Date of Award


Access Control

Open Access

Degree Name

Public Administration and Nonprofit Management, M.P.A.


Laurie A. Buonanno, Ph.D.

Department Home page

First Reader

Laurie A. Buonanno, Ph.D.

Second Reader

Frank V. Ciaccia, MPA

Third Reader

James A. Gold, Ph.D.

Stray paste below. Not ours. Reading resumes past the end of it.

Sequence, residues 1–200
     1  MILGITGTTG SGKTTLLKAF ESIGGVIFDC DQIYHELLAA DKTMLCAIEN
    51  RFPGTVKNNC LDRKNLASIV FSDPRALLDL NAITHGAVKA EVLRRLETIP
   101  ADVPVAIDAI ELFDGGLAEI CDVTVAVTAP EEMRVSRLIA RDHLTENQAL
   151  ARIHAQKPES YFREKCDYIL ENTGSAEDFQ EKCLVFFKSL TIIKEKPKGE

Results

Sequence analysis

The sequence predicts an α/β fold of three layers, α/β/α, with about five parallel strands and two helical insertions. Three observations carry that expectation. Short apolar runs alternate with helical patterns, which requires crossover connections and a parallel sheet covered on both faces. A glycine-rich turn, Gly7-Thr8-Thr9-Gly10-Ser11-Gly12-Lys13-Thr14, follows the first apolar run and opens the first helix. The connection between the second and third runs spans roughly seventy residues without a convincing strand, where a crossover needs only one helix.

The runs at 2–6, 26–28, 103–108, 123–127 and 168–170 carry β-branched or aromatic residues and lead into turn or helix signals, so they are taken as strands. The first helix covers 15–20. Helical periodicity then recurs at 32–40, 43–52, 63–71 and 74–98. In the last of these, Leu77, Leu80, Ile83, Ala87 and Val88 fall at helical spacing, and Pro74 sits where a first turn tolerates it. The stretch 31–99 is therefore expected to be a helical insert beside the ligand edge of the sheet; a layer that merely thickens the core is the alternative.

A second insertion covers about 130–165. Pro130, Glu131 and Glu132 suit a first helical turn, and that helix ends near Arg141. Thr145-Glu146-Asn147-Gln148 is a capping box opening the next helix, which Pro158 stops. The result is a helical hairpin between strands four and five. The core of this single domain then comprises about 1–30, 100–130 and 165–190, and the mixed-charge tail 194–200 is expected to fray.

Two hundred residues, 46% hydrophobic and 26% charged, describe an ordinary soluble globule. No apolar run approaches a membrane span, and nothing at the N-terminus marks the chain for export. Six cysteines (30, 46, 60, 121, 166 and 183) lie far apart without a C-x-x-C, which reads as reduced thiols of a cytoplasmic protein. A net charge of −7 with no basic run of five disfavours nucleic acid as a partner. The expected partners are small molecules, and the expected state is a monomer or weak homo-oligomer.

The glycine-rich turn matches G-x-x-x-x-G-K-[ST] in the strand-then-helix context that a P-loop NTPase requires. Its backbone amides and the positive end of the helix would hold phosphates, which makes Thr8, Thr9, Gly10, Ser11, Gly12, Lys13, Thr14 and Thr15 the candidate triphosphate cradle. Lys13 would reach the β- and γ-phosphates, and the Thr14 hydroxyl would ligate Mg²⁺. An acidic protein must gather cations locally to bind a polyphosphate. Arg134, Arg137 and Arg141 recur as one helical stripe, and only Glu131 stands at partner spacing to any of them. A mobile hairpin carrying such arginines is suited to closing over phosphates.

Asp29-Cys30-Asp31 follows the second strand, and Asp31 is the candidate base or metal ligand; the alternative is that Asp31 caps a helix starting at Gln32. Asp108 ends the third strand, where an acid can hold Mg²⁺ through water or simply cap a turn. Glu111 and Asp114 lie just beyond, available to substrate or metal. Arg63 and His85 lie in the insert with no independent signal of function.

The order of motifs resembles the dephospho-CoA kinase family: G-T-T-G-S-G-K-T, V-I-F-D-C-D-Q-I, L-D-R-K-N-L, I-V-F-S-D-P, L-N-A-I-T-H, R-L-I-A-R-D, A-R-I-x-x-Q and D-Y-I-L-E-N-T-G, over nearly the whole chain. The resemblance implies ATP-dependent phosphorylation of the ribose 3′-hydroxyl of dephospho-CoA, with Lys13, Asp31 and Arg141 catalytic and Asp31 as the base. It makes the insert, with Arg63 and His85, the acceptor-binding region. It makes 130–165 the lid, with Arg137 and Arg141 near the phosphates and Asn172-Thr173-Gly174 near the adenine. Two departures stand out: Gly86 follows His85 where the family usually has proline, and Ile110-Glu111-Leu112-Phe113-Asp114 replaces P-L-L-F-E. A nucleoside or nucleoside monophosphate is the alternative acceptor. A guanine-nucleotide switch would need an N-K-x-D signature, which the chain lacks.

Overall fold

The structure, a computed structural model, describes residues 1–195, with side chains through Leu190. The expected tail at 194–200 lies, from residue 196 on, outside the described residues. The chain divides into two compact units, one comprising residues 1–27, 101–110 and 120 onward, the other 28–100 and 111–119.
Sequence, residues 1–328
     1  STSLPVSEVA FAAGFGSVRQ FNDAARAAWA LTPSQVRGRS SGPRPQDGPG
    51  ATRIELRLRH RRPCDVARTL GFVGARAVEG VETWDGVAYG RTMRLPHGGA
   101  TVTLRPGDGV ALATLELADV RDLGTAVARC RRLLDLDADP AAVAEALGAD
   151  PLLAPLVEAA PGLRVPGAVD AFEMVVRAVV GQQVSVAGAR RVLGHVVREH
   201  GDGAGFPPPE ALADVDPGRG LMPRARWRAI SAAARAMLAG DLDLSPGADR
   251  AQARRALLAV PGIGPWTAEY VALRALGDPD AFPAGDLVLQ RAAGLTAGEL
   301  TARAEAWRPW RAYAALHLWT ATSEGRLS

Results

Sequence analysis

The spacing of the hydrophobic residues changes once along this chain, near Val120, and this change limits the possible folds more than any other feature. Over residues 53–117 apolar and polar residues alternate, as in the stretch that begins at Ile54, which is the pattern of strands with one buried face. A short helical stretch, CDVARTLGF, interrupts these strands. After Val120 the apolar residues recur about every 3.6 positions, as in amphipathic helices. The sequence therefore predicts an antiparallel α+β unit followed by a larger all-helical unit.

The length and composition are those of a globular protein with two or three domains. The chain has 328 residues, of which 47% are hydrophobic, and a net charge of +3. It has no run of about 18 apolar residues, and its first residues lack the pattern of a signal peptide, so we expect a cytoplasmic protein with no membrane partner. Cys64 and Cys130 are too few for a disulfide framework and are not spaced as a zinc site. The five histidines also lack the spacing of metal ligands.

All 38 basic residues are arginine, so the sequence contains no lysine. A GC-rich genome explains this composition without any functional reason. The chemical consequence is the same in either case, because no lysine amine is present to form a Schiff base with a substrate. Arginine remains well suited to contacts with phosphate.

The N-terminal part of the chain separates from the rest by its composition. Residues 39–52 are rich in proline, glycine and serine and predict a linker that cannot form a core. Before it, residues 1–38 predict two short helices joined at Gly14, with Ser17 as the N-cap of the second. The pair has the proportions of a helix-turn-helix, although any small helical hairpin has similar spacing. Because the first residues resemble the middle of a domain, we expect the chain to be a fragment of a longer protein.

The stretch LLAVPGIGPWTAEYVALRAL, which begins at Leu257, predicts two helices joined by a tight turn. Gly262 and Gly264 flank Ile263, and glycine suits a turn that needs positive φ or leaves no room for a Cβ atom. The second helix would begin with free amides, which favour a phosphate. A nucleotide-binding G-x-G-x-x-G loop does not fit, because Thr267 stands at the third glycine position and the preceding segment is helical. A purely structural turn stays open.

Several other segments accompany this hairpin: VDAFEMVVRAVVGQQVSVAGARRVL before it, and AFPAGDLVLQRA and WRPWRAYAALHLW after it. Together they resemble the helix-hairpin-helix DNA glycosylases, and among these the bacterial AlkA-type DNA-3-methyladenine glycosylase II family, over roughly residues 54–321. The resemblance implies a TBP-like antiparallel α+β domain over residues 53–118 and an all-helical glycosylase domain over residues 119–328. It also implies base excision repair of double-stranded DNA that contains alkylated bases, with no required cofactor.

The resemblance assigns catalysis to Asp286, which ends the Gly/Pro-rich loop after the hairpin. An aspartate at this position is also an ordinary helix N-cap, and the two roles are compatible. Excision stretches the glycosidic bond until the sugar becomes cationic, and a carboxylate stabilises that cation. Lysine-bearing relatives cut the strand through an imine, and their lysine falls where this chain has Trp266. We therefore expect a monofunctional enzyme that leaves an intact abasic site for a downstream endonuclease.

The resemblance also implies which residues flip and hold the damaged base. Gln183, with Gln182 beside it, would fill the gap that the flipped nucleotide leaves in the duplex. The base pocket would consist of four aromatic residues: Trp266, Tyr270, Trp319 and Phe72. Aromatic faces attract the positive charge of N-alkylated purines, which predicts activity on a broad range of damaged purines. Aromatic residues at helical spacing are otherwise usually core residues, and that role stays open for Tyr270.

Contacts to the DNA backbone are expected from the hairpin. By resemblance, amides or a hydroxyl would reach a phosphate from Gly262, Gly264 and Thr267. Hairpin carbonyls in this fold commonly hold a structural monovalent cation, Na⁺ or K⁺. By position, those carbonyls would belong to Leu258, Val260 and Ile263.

This qualitative case study examines the intersection of a Native-owned casino, revenue-sharing with its host community, and the impact of tourism marketing efforts vis-à-vis funds provided to the community’s tourism agency. Specifically, this report studies downtown Niagara Falls USA from the time period between 2006 and 2016, and seeks to determine whether and how funds from Seneca Niagara Resort & Casino boosted tourism marketing efforts by Niagara Tourism & Convention Corporation (NTCC). Background research and a series of elite interviews with city officials and tourism agency leaders uncovered overall positivity in terms of growth in Niagara Falls USA’s tourism efforts and results. Interviewees also tended to describe the amount of 7 percent of the City’s revenue-sharing funds going to NTCC as fairly generous. Despite these shared views, City officials past and present lamented missed opportunities to better manage its overall casino revenue-sharing funds from New York State, as improvements in other sectors of Niagara Falls may have influenced greater tourism marketing effectiveness. City officials also believed their share from New York State (25 percent) to be inadequate for further economic development. The results of this case study show that a set level of tourism funding from casino revenue-sharing can have a positive effect on destination marketing efforts. Future casino resorts in metropolitan areas and near natural-wonder attractions can leverage the constructs of Niagara Falls USA’s revenue-sharing to determine revenue-sharing models of their own. Nevertheless, host community tourism agencies should be mindful not to depend on these resources being consistently available, particularly because of withholdings due to disputes between Native nations and state governments.